Recent years have seen some progress toward the Education for All (EFA) goals, with South Sudan’s people demonstrating extraordinary resilience in their efforts to expand learning opportunities for their children. However, South Sudan is facing an education emergency.
Africa’s newest nation still has some of the world’s worst indicators for education. Low levels of enrollment and transition to secondary school, poor education quality, and high levels of gender disparity typify the current state of affairs.
The education sector faces several key challenges:
Opportunities: With one of the world’s youngest populations, South Sudan needs education to create jobs and strengthen livelihoods. And without expanded opportunities for schooling, there will be no progress toward gender equality.
Enrollment: Half of all primary school-age children-some 1.3million in total- are out of school. Dropout rates are very high and gender disparities are marked at all levels.
Quality: South Sudan’s school infrastructure is limited, classrooms are overcrowded, and there are chronic shortages of learning materials. However, the greatest barrier in effective learning is a shortage of adequately trained and properly supported teachers.
Security: Conflict and insecurity are a perennial threat across large areas of the country. South Sudan’s security and stability are important because the country has the potential to make a breakthrough in education. Many of the elements for success are in place.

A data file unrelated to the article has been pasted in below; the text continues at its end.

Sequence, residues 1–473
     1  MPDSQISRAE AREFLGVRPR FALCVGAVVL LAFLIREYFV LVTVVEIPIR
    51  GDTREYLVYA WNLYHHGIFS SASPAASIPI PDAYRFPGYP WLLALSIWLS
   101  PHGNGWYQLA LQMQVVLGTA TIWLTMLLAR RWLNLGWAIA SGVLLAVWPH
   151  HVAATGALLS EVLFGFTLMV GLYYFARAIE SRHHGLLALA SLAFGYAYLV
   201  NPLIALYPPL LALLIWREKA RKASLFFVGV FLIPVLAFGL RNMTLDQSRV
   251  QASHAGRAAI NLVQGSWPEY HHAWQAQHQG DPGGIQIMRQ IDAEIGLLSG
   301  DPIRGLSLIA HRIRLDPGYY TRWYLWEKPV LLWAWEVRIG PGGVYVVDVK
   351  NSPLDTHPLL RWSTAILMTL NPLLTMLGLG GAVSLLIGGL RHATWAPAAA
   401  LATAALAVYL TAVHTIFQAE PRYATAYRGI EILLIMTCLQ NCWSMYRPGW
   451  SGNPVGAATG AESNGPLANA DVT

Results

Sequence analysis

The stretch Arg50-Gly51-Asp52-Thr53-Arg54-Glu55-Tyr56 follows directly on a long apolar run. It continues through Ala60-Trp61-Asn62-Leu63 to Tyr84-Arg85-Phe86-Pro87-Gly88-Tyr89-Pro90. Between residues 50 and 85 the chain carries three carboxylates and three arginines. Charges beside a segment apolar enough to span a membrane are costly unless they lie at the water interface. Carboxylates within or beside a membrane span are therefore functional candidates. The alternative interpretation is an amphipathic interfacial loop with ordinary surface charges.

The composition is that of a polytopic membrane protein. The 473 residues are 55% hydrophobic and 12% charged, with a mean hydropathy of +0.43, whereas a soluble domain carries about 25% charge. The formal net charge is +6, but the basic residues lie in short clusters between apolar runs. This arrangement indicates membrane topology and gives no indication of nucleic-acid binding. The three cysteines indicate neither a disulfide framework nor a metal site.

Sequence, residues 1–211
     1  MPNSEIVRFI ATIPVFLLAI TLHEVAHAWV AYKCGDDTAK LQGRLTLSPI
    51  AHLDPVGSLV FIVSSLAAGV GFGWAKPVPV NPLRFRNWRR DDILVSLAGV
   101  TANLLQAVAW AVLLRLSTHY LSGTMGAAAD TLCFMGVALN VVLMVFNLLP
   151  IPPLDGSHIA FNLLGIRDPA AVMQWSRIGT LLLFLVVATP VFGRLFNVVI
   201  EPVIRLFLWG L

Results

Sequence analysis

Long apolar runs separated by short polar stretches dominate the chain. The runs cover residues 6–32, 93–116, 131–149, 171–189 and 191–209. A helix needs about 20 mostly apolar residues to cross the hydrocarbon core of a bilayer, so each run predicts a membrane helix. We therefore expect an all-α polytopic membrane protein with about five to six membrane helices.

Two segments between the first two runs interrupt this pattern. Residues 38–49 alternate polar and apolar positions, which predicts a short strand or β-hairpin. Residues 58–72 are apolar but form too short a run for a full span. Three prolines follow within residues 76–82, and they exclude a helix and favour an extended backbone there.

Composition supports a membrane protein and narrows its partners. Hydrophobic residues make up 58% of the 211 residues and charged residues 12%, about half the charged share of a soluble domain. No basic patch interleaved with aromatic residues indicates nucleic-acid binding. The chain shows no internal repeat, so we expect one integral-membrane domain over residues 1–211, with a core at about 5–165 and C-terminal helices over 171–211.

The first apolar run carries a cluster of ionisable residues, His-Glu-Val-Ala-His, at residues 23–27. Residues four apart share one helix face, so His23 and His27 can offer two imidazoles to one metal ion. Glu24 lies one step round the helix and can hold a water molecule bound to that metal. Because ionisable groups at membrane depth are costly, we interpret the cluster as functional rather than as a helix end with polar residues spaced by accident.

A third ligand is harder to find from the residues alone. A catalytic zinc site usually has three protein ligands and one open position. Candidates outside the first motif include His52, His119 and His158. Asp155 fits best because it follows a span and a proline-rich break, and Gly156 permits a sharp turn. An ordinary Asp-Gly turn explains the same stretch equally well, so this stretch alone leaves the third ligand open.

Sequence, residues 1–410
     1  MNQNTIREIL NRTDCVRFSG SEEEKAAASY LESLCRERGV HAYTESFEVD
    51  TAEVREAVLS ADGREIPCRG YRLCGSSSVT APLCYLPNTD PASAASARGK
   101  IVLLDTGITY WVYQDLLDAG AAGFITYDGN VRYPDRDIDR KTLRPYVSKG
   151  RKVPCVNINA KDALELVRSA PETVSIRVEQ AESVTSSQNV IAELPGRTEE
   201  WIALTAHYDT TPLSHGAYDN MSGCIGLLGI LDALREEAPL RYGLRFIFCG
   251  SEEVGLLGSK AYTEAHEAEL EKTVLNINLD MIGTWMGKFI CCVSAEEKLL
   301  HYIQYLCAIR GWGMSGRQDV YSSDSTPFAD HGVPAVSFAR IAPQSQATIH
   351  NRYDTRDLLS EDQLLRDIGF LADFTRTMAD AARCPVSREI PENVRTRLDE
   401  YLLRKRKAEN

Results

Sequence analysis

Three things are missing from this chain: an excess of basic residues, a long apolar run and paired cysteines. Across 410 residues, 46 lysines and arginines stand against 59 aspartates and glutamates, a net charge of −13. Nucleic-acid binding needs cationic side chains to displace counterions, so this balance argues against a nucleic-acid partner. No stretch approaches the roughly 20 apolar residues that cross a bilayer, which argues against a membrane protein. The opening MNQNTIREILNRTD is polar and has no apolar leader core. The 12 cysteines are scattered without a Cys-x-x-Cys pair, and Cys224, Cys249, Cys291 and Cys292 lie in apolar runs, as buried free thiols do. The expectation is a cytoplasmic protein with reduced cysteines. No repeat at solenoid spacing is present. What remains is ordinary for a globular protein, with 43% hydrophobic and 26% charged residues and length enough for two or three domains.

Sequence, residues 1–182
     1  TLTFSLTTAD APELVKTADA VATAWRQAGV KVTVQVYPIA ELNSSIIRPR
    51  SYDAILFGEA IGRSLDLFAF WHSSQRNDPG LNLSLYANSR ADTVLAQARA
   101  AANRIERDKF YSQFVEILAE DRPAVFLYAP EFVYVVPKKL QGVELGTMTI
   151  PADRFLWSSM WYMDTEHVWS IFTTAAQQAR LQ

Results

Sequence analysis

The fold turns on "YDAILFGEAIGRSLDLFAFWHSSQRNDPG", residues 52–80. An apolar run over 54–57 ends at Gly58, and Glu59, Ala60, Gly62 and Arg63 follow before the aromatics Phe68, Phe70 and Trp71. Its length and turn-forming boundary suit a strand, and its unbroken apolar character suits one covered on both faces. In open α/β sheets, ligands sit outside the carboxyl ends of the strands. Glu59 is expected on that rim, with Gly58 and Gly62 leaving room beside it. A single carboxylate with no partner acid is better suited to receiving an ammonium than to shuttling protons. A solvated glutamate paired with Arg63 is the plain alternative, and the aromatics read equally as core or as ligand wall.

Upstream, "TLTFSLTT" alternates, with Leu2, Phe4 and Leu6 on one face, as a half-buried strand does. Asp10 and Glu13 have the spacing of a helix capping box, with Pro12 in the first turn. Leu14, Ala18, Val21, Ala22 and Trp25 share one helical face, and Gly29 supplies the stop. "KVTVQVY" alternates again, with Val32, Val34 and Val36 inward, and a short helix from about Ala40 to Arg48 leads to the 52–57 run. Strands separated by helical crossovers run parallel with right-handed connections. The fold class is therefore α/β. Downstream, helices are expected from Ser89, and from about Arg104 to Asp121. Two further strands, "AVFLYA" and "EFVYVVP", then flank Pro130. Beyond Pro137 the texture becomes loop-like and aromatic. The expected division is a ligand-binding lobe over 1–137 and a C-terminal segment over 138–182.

The proposals discussed during the Learning for All Ministerial meetings, taken collectively, would envisage average annual financing from increased aid of about $180 million. Part of the financing would be channeled through a new pooled fund in education with more than 2 million children benefiting from the proposals.
If successfully implemented, the proposals would have the effect of:
- Bringing an additional 300,000 children into the school system.
- Raising the standard of instruction for 1.5 million young learners.
- Extending education opportunities through a stipend program paying $10 per girl for 500,000 girls in grades 1–4, reducing the risk of dropping out and creating incentives for girls’ school attendance.
- Strengthening local government education delivery mechanisms, with the potential to improve access, reduce dropping out, and improving quality across the education system.
- Addressing the needs of thousands of children affected by humanitarian emergencies.